As mentioned earlier, the sensitivity of the diagnosis with the SBR was 86.8% and specificity was 95.7% with the best cut-off point of 5.13. Conversely, the sensitivity of the diagnosis with visual assessment was 91.2%, and specificity was 95.7%. In the dNDD patients, 9 of the 12 patients with a normal SBR had an abnormal visual assessment, and 5 of the 8 patients with a normal visual assessment had an abnormal SBR. The sensitivity of the diagnosis with combined visual and semi-quantitative assessment was 96.7% and specificity was 95.7%. There was no statistically significant difference between the sensitivity of the diagnosis with visual assessment alone and semi-quantitative assessment alone (p = 0.29). Combined visual and semi-quantitative assessment demonstrated superior sensitivity to visual assessment alone (p = 0.03) and SBR alone (p = 0.003) with equal specificity (Fig. 2).
Fig. 2

Comparison of the sensitivity and specificity in visual assessment alone, semi-quantitative assessment alone, and combined visual and semi-quantitative assessment in the diagnosis of dNDD

Discussion

In this study, the SBR of the dNDD group was lower than that of the non-dNDD group, and the SBR was negatively correlated with visual assessment. Some dNDD patients with a normal visual assessment had an abnormal SBR, and vice versa. There was no statistically significant difference in sensitivity between diagnosis with visual assessment alone and semi-quantitative assessment alone, but combined visual and semi-quantitative assessment demonstrated superior sensitivity with equal specificity.

123I-FP-CIT SPECT and post-mortem pathological studies have shown that PD patients in the early stages exhibit a decline of DAT density in the unilateral dorsal putamen, contralateral to the clinically affected side, and then in more advanced stages, this decline of DAT density proceeds to the ipsilateral putamen and caudate [12, 13]. The alterations observed in visual assessment and SBR in 123I-FP-CIT SPECT reflect such progressive degeneration of dopaminergic neurons. In the present study, the SBR of the dNDD group was significantly lower than that of the non-dNDD group, as reported previously [13], although this might be affected by the longer disease duration of the dNDD group because the SBR is correlated with disease duration [14, 15]. A correlation between visual assessment and SBR has also been reported previously [16, 17], and our results confirmed this finding.

To the best of our knowledge, the diagnostic value of combined visual and semi-quantitative assessment of 123I-FP-CIT SPECT in the diagnosis of dNDD has never been reported. Visual assessment seems to be subjective, but the interobserver agreement rates of visual assessment for “normal” or “abnormal (grades 1–3)” are sufficiently high [16, 18], which ensures the high robustness and reproducibility of visual assessment. In this study, some dNDD patients with a normal SBR have an abnormal visual assessment, which could be partly because the SBR is vulnerable to many factors such as attenuation or scatter correction methods, reconstruction, ROI drawing procedure, SPECT acquisition, and data analysis [19, 20, 21], but some dNDD patients with a normal visual assessment had an abnormal SBR, perhaps because of the technical limitations of visual assessment, and the combination of visual assessment and SBR demonstrated superior sensitivity with equal specificity. Therefore, we speculate that visual and semi-quantitative assessments are complementary to each other, and combined visual and semi-quantitative assessment leads to a more accurate diagnosis of dNDD.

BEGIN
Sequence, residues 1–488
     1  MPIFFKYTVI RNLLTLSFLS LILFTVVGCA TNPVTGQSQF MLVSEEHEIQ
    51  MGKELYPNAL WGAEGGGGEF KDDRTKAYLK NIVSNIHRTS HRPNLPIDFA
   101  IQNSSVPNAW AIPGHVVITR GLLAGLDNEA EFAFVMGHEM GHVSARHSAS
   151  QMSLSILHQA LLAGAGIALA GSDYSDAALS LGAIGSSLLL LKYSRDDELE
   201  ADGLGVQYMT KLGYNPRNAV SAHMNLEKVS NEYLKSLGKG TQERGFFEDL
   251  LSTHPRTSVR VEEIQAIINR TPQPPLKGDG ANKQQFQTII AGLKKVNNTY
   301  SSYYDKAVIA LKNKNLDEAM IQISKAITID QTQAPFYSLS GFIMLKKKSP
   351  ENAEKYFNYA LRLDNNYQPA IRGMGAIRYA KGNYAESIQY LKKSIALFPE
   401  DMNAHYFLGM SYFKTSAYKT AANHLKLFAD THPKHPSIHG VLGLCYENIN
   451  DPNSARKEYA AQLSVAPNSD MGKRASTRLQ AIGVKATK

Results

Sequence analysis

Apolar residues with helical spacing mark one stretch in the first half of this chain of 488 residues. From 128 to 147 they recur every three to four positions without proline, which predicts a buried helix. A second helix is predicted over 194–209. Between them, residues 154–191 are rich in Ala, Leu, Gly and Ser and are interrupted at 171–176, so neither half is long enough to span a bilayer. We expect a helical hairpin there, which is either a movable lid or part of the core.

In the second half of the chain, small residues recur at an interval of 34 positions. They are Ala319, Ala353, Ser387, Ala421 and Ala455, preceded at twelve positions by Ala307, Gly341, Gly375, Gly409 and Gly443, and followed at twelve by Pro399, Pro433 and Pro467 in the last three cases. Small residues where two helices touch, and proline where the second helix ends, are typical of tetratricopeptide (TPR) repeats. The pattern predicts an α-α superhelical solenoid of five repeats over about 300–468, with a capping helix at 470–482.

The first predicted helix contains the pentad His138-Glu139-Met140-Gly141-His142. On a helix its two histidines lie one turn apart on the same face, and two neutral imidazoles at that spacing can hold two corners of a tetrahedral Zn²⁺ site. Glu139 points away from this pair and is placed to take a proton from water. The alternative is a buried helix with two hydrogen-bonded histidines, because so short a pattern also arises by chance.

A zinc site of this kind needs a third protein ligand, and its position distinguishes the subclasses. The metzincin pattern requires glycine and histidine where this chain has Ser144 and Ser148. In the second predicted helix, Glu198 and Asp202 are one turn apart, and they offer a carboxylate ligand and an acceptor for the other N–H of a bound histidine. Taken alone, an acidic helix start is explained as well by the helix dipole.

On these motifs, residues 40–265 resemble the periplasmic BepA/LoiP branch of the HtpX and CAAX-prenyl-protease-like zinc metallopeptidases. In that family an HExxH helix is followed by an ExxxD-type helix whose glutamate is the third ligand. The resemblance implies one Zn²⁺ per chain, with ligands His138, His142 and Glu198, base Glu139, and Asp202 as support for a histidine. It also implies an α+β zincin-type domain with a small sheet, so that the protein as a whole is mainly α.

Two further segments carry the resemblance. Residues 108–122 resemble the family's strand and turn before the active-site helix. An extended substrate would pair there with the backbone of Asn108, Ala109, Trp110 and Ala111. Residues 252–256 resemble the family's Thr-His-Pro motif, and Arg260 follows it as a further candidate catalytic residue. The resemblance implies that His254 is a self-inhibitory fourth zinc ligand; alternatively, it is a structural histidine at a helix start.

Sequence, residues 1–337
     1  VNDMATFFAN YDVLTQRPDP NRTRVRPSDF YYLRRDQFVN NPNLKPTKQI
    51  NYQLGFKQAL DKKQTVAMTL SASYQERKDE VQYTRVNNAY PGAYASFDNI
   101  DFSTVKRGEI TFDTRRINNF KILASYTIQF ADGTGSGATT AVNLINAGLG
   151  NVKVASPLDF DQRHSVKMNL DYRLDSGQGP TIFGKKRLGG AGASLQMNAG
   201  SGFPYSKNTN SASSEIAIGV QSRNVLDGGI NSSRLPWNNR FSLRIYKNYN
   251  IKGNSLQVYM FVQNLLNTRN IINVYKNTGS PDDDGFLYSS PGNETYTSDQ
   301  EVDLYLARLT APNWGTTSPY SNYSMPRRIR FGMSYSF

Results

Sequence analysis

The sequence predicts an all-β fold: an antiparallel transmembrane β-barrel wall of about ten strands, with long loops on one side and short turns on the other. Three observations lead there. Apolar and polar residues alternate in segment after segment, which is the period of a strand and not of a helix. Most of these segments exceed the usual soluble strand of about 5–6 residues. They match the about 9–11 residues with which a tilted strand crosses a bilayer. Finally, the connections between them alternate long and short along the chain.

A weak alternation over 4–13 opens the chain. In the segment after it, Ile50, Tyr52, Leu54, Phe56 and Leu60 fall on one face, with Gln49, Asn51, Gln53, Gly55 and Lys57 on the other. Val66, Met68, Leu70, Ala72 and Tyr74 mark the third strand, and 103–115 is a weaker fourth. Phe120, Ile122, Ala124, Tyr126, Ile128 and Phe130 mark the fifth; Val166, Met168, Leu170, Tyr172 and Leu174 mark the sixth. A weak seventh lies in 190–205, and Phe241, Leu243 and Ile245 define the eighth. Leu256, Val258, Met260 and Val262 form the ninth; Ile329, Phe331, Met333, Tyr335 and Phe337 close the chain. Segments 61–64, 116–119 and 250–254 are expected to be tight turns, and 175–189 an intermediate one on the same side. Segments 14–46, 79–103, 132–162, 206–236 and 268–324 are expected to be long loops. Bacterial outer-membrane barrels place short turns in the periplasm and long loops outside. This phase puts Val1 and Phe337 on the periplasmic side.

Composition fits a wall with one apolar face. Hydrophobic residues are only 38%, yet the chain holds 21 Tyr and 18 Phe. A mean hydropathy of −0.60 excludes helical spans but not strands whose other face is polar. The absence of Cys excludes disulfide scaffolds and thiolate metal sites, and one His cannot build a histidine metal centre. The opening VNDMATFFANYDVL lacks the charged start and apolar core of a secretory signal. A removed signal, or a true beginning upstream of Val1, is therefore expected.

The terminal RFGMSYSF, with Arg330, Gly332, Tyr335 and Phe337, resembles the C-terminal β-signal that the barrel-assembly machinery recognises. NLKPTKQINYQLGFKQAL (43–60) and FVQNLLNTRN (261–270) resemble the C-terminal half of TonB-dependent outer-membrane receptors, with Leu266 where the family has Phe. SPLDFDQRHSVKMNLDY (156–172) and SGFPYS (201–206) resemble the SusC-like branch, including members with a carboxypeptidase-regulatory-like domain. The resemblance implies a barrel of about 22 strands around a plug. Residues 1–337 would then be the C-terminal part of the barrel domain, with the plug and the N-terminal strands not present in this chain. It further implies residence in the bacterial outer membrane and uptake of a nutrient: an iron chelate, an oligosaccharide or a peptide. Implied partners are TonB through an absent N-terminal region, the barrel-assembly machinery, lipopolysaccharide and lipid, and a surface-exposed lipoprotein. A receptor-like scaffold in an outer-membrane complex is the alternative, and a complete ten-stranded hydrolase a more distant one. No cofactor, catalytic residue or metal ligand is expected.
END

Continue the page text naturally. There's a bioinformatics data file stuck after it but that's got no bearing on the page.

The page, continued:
This study has several limitations. First, the sample size of our cohorts is relatively small. The future trials in larger cohorts are necessary to validate our findings. Secondly, different diseases including PD, DLB, PSP, MSA, or CBD are mixed together in one group as dNDD, mainly due to the small sample size of our cohorts. Future studies should assess each disease separately in order to establish the utility of 123I-FP-CIT SPECT in each disease. Thirdly, because the three methods (visual, semi-quantitative, and combined assessment) were not independent, we did not conduct multiple comparison correction. However, there were still possibilities of increased alpha error. Finally, diagnostic accuracy is also potential limitation. Although we used the established criteria for PD, DLB, PSP, MSA, and CBD for the dNDD patients, the non-dNDD patients were clinically diagnosed without any established criteria. Moreover, there was no pathological confirmation of diagnosis, and a discrepancy between the clinical diagnosis and post-mortem pathological diagnoses might exist. Additionally, the diagnosis of non-dNDD might be less accurate than the diagnosis of dNDD because it might be influenced by the results of 123I-FP-CIT SPECT.

Conclusion

Visual and semi-quantitative assessments of 123I-FP-CIT SPECT are helpful for the diagnosis of dNDD, and combined visual and semi-quantitative assessment shows superior sensitivity with equal specificity. More detailed clinical analyses and accumulation of cases are necessary to elucidate the diagnostic value of combined visual and semi-quantitative assessment of 123I-FP-CIT SPECT.

Notes

Compliance with ethical standards

Conflict of interest

The authors declare that they have no conflict of interest.

Supplementary material

10072_2017_2936_MOESM1_ESM.pdf (40 kb)
ESM 1 (PDF 39 kb)

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Copyright information

© Springer-Verlag Italia 2017

Authors and Affiliations

  • Jun Ueda
    • 1
  • Hajime Yoshimura
    • 1
  • Keiji Shimizu
    • 2
  • Megumu Hino
    • 2
  • Nobuo Kohara
    • 1
  1. 1.Department of NeurologyKobe City Medical Center General HospitalKobe CityJapan
  2. 2.Department of RadiologyKobe City Medical Center General HospitalKobe CityJapan